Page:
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Paige Waehner

10-20-30 - The Ideal High Intensity Interval Training?

By December 5, 2012

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Interval training is so much a part of our exercise lives, it's rare that I come across someone who isn't doing it or hasn't at least tried it. It's no wonder it's so popular. You can burn more calories, workout for a shorter period of time, the workout flies by and you only work hard for short, tolerable intervals.

There's no end to the interval workouts these days - Aerobic intervals, anaerobic intervals and the latest craze, Tabata training, all of which have different levels of intensity and different work-to-rest ratios.

Many of these workouts claim to be the best way to exercise, to increase performance and boost endurance, but is there one best interval workout out there? One group of researchers think so, having come up with the 10-20-30 training concept: 10 seconds of high intensity sprinting, 20 seconds of moderate running and 30 seconds of low intensity jogging, repeated 5 times with a rest for 2 minutes. Build in a warm up and a cool down, repeat each segment 2-3 times and you've got a solid HIIT workout.

The study behind this concept produced some interesting results, suggesting that runners may be able to improve their performance in half the time, but is this the answer to best interval training? That's a question I discuss in my latest article, 10-20-30 - The Best High Intensity Interval Training?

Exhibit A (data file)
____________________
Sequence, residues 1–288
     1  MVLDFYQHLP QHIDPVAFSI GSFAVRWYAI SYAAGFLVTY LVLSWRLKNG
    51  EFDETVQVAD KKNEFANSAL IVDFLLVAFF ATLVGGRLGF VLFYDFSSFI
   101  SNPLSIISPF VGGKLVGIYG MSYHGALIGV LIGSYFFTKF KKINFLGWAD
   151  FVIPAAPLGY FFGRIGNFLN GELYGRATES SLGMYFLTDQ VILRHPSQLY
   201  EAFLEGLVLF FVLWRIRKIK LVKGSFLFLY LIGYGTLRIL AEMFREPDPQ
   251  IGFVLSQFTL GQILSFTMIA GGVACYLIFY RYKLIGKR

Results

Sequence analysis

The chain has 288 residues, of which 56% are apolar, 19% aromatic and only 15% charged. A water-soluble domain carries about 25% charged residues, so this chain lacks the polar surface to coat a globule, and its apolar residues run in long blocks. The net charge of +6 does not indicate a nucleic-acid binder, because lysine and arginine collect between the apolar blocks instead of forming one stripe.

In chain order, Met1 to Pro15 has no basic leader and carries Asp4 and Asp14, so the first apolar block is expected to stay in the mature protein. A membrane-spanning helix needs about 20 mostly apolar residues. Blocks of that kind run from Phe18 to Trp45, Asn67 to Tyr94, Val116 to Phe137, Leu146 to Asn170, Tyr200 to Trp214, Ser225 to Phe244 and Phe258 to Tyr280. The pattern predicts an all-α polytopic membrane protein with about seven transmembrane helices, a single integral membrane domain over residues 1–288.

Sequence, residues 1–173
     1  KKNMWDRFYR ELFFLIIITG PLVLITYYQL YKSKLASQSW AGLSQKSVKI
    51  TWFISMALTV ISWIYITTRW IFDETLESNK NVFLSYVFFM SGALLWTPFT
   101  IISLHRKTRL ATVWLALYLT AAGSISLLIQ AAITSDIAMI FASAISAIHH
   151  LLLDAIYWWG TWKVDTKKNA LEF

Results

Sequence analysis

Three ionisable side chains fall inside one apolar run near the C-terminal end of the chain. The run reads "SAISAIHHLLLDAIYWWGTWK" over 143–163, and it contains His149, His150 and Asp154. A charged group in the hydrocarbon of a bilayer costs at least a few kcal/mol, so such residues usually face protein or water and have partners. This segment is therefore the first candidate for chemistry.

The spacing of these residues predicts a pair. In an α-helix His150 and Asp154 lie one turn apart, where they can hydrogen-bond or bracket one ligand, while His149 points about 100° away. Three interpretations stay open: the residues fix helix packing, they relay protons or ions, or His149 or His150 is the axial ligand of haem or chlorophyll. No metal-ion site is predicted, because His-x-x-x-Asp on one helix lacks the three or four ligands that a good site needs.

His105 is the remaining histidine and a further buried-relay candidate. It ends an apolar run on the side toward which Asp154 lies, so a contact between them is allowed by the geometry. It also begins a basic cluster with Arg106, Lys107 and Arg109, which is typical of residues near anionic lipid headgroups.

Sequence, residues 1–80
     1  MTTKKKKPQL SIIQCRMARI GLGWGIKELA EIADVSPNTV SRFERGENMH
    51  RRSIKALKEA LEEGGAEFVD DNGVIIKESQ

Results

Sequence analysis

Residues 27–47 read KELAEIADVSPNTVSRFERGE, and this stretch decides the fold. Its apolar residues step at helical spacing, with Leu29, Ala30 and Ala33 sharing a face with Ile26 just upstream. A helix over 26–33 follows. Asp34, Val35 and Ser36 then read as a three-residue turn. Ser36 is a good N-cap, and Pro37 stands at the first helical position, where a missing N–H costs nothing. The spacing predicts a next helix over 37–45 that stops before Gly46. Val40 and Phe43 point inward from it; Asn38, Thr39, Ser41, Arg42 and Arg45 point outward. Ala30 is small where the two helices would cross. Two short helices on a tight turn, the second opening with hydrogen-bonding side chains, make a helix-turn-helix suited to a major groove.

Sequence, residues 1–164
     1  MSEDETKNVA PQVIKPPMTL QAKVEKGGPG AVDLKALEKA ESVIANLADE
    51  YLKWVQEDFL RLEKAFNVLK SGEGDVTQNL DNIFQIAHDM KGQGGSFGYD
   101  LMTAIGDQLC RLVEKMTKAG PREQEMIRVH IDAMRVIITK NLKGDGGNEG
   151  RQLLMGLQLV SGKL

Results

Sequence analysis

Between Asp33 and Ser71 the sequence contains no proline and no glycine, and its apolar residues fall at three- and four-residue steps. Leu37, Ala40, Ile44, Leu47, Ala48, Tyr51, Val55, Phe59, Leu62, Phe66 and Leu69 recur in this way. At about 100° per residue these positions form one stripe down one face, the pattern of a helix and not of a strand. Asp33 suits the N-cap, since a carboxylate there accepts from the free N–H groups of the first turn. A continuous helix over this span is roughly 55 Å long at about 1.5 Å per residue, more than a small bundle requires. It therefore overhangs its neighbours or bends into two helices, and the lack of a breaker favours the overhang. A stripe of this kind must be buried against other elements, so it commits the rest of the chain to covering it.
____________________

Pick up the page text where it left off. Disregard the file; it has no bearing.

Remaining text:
What do you think? Do you like interval training and, if so, what's your favorite type of workout? Is this new spin on HIIT something you'd try in your own workouts? Leave a comment and tell us what you think.


Gunnarsson TP, Bangsbo J. The 10-20-30 training concept improves performance and health profile in moderately trained runners. J Appl Physiol. 2012 Jul;113(1):16-24.

December 5, 2012 at 9:14 am
(1) David says:

Each 10-20-30 cycle take 1 minute. Repeating 6 times totals 6 minutes. The two minute rest brings it up to 8 minutes. Six repeats brings it up to 48 minutes. And of course one should warm up and cool down for 10 minutes, so add another 20 minutes for the full workout. The final total is around 68 minutes quite a bit more than the 20-30 mentioned here.

December 5, 2012 at 10:37 am
(2) Judith says:

I think she said each 8 minute cycle should be repeated 2-3 times, not 6 times. That is the 20-30 minutes.

December 5, 2012 at 12:14 pm
(3) Tom Kaiser says:

I’ve been running for more than 25 years, and have found that the fastest way to increase my speed is with “30-30″ workouts. After a warm-up, run as fast as I can for 30 seconds followed by a 30-sec. jog, repeating as many times as possible, up to a maximum of about 30 reps. I prefer to do these on a treadmill because I have more control over speed and timing.

December 6, 2012 at 8:36 am
(4) David says:

Judith is right – careless of me. So three repeats is 24 minutes. The last two minutes (cooldown of the cycle) would also count toward the overall 10-minute cooldown. So the actual total with three repeats is 10+24+8=42 minutes. It would be 34 minutes with only two cycles. One could shorten the warmup and cooldown, but that’s probably not a great idea, particularly if one is getting on in years (based on my own experience).